lifeless voice. "I shall not see him."

Selma Cross held her off at arms' length to glance at her face. "You
what?" she exclaimed.

"He is on the way to New York and will be at the _Granville_ to-morrow
afternoon, where he hopes to find a note saying he may call here
to-morrow night. There shall be no note from me - - "

"But did you write to him, Paula?" the actress asked strangely excited.

"Yes - a little after you left me the other morning. It was silly of me.
Oh, but I did not tell him what I had heard - or who told me!... Finish
your supper - you must go."

"And how did you learn of his coming?"

"He telegraphed me to-day. That's why I bothered you at your supper - - "

"What a dramatic situation - if you decided to see him!" Selma Cross said
intensely. "And to think - that to-morrow is Sunday night and I don't
work!"

Paula felt brutalized by the change in the other's manner. "I have
decided not to see him," she repeated, and left the apartment.




TWELFTH CHAPTER

CERTAIN ELEMENTS FOR THE CHARTER CRUCIBLE, AND HIS MOTHER'S PILGRIMAGE
ACROSS THE SANDS ALONE TO MECCA


Charter had come a long way very swiftly in his search for realities. If
it is required of man, at a certain stage of evolution, to possess a
working knowledge of the majority of possible human experiences, in
order to choose wisely between good and evil, Charter had, indeed,
covered much ground in his thirty-three years. As a matter of fact,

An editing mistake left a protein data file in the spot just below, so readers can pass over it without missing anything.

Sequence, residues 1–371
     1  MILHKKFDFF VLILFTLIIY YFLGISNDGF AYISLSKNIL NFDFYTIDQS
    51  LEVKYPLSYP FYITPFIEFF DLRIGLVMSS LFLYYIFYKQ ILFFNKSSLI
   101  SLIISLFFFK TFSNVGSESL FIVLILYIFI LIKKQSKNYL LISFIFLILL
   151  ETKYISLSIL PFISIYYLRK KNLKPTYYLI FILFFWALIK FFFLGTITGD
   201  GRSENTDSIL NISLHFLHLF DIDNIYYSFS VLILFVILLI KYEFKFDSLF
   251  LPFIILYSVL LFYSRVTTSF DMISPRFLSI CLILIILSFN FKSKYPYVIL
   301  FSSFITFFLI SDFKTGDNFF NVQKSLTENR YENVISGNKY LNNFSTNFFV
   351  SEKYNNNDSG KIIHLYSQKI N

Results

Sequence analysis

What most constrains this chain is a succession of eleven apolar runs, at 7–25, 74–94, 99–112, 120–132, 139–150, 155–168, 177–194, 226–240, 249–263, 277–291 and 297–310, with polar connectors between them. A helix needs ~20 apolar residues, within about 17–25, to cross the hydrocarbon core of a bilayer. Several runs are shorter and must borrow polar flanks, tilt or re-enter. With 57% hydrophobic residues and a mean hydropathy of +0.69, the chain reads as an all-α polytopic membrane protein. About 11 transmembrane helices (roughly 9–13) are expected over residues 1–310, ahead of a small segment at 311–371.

there were few degrees in the masonry of sensation, into which he had
not been initiated. His was the name of a race of wild, sensual,
physical types; a name still held high in old-world authority, and
identified with men of heavy hunting, heavy dining and drinking. The
Charters had always been admired for high temper and fair women. True,
there was not a germ of the present Charter mental capacity in the whole
race of such men commonly mated, but Quentin's father had married a
woman with a marvellous endurance in prayer - that old, dull-looking
formula for producing sons of strength. A silent woman, she was, a
reverent woman, an angry woman, with the stuff of martyrdoms in her
veins.

Indeed, in her father, John Quentin, reformer, there were stirring
materials for memory. His it was to ride and preach, to excoriate evil
and depict the good, with the blessing of a living God shining bright
and directly upon it. A bracing figure, this Grandfather Quentin, an
ethereal bloom at the top of a tough stalk of Irish peasantry. First, as